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How to prove that isosceles triangle has maximum perimeter from all trangles inscribed in circle?

I found that from all isosceles trinagles - equilateral has maximum perimeter: Maximum perimeter of an isosceles triangle inscribed in the unit circle?, but I wonder how to prove that a triangle with maximum perimeter should be isosceles.

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Hint Fix two arbitrary vertices, and optimize the perimeter of the triangle as a function of the position of a third vertex.

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Let a triangle be inscribed in a unit circle, and let $A$ and $B$ mark two vertices. Let $\theta$ be half the length of the arc connecting $A$ and $B$, and let $\ell$ be the length of the chord, you have that from elementary trigonometry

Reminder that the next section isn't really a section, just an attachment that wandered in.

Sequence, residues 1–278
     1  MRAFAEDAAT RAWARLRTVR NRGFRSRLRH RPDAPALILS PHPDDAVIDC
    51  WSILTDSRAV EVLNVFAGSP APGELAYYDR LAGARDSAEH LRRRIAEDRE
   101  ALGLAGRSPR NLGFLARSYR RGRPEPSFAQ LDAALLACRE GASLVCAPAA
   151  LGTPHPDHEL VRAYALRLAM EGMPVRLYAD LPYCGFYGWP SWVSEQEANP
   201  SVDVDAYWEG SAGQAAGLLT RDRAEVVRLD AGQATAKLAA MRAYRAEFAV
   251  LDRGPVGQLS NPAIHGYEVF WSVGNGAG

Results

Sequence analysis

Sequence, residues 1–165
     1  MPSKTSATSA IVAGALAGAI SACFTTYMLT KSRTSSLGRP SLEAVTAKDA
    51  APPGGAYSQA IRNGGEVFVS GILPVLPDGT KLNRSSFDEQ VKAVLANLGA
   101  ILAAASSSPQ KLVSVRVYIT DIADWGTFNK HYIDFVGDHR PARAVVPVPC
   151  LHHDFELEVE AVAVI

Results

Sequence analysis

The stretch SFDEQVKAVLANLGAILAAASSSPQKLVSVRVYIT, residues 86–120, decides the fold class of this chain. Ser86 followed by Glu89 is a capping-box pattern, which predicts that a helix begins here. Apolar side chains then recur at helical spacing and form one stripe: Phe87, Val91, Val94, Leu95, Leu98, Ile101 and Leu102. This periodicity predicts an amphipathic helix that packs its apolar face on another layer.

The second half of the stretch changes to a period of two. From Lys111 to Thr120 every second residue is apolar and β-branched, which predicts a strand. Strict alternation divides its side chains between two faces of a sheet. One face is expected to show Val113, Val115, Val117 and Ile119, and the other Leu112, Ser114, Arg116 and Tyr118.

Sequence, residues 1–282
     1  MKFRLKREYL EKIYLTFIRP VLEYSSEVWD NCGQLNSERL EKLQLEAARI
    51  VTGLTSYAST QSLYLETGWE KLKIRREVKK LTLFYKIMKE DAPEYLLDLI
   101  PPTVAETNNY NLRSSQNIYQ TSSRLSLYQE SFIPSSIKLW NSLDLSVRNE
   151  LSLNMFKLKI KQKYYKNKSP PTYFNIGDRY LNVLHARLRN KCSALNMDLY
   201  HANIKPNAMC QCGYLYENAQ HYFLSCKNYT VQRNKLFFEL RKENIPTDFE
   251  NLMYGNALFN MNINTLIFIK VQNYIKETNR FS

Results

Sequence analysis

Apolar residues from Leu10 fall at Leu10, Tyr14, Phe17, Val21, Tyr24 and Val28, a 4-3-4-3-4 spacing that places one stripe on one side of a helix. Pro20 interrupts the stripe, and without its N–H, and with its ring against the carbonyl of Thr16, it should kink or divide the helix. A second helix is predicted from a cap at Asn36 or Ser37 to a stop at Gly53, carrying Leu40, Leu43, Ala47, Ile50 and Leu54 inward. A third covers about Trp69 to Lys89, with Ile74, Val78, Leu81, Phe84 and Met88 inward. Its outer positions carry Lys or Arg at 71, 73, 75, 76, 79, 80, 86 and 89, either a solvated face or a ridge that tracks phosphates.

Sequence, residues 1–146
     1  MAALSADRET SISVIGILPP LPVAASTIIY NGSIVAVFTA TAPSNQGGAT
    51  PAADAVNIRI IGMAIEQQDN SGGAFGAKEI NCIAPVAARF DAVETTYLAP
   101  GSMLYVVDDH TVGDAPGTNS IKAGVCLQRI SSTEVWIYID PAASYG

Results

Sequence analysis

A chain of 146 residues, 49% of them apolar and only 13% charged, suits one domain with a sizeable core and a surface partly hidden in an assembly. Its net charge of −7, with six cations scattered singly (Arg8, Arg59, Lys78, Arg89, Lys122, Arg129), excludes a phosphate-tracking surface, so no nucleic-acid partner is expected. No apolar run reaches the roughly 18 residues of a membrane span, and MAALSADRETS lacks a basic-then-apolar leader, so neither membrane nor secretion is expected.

$$ \ell / 2 = \sin (\theta) $$

Now let $\theta_1, \theta_2, \theta_3$ be half the lengths of the three arcs demarcated by the vertices of the triangle, from the above we have that the perimeter is equal to

$$ 2 \left[ \sin (\theta_1) + \sin(\theta_2) + \sin(\theta_3) \right] $$

and we know that

$$ \theta_1 + \theta_2 + \theta_3 = \pi $$

while

$$ \theta_1, \theta_2, \theta_3 \in [0,\pi] $$

Now from the fact that $\sin$ is a concave function on $[0,\pi]$, we have that the perimeter is equal to

$$ 6 * \frac13 \left[ \sin(\theta_1) + \sin(\theta_2) + \sin(\theta_3) \right] \leq 6 * \sin (\pi / 3) $$

by Jensen's inequality, with the optimum (being the case of the equality) holding when $\theta_1 = \theta_2 = \theta_3$.

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